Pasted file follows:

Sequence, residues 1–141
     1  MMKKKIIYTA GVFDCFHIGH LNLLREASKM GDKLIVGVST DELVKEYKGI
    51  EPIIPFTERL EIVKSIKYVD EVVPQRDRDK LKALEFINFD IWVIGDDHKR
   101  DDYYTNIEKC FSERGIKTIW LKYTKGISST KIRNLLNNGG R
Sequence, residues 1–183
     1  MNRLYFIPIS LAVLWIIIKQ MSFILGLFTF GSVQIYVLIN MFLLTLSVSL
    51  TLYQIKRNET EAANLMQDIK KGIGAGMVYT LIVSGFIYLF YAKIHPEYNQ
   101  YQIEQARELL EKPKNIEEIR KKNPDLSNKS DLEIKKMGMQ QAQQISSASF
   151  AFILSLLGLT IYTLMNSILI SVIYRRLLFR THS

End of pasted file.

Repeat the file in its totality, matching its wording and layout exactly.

Sequence, residues 1–141
     1  MMKKKIIYTA GVFDCFHIGH LNLLREASKM GDKLIVGVST DELVKEYKGI
    51  EPIIPFTERL EIVKSIKYVD EVVPQRDRDK LKALEFINFD IWVIGDDHKR
   101  DDYYTNIEKC FSERGIKTIW LKYTKGISST KIRNLLNNGG R
Sequence, residues 1–183
     1  MNRLYFIPIS LAVLWIIIKQ MSFILGLFTF GSVQIYVLIN MFLLTLSVSL
    51  TLYQIKRNET EAANLMQDIK KGIGAGMVYT LIVSGFIYLF YAKIHPEYNQ
   101  YQIEQARELL EKPKNIEEIR KKNPDLSNKS DLEIKKMGMQ QAQQISSASF
   151  AFILSLLGLT IYTLMNSILI SVIYRRLLFR THS